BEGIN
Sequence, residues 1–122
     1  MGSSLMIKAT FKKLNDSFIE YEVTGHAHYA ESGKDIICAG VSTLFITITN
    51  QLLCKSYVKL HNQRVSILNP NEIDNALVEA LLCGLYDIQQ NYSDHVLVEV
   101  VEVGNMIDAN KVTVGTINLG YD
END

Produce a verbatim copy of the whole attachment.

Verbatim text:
Sequence, residues 1–122
     1  MGSSLMIKAT FKKLNDSFIE YEVTGHAHYA ESGKDIICAG VSTLFITITN
    51  QLLCKSYVKL HNQRVSILNP NEIDNALVEA LLCGLYDIQQ NYSDHVLVEV
   101  VEVGNMIDAN KVTVGTINLG YD